I am one of the few who DO NOT believe in hitting my children. I think it is degrading, disrespectful, and completely sends the wrong message. I believe people genuinely do what they think is best, and for me, hitting is a non negotiable, ask my husband, he's tried to sway me to "the other side".
That being said, I'd like to start a series of NO HITTING articles. Of course there are 2 sides, but this is My blog, so it will be what I believe and some of the resources I researched while pregnant that drove me to my decision. I always enjoy feed back, so don't be afraid to chime in.
The following is from Ask Dr. Sears.com
Spanking demonstrates that it's all right for people to hit people, and especially for big people to hit little people, and stronger people to hit weaker people. Children learn that when you have a problem you solve it with a good swat. A child whose behavior is controlled by spanking is likely to carry on this mode of interaction into other relationships with siblings and peers, and eventually a spouse and offspring.
But, you say, "I don't spank my child that often or that hard. Most of the time I show him lots of love and gentleness. An occasional swat on the bottom won't bother him." This rationalization holds true for some children, but other children remember spanking messages more than nurturing ones. You may have a hug-hit ratio of 100:1 in your home, but you run the risk of your child remembering and being influenced more by the one hit than the 100 hugs, especially if that hit was delivered in anger or unjustly, which happens all too often.
Physical punishment shows that it's all right to vent your anger or right a wrong by hitting other people. This is why the parent's attitude during the spanking leaves as great an impression as the swat itself. How to control one's angry impulses (swat control) is one of the things you are trying to teach your children. Spanking sabotages this teaching. Spanking guidelines usually give the warning to never spank in anger. If this guideline were to be faithfully observed 99 percent of spanking wouldn't occur, because once the parent has calmed down he or she can come up with a more appropriate method of correction.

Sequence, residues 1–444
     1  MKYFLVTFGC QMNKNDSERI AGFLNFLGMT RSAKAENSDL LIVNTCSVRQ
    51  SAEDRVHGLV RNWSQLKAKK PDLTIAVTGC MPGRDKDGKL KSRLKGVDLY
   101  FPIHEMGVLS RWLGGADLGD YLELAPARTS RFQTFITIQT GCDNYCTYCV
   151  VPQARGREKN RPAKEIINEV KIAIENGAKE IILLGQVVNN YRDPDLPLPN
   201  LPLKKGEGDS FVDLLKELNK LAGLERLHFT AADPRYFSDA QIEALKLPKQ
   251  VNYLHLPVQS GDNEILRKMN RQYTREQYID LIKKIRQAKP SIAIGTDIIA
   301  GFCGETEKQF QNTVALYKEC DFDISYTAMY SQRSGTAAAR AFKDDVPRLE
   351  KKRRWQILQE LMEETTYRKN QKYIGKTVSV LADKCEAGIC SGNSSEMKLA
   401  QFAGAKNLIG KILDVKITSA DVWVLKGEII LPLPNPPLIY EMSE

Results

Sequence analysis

VERBAL AND EMOTIONAL "HITTING"
Physical hitting is not the only way to cross the line into abuse. Everything we say about physical punishment pertains to emotional/verbal punishment as well. Tongue-lashing and name-calling tirades can actually harm a child more psychologically. Emotional abuse can be very subtle and even self-righteous. Threats to coerce a child to cooperate can touch on his worst fear—abandonment. ("I'm leaving if you don't behave.") Often threats of abandonment are implied giving the child the message that you can't stand being with her or a smack of emotional abandonment (by letting her know you are withdrawing your love, refusing to speak to her or saying you don't like her if she continues to displease you). Scars on the mind may last longer than scars on the body.
Be on the lookout for #2 soon, or check out the website.
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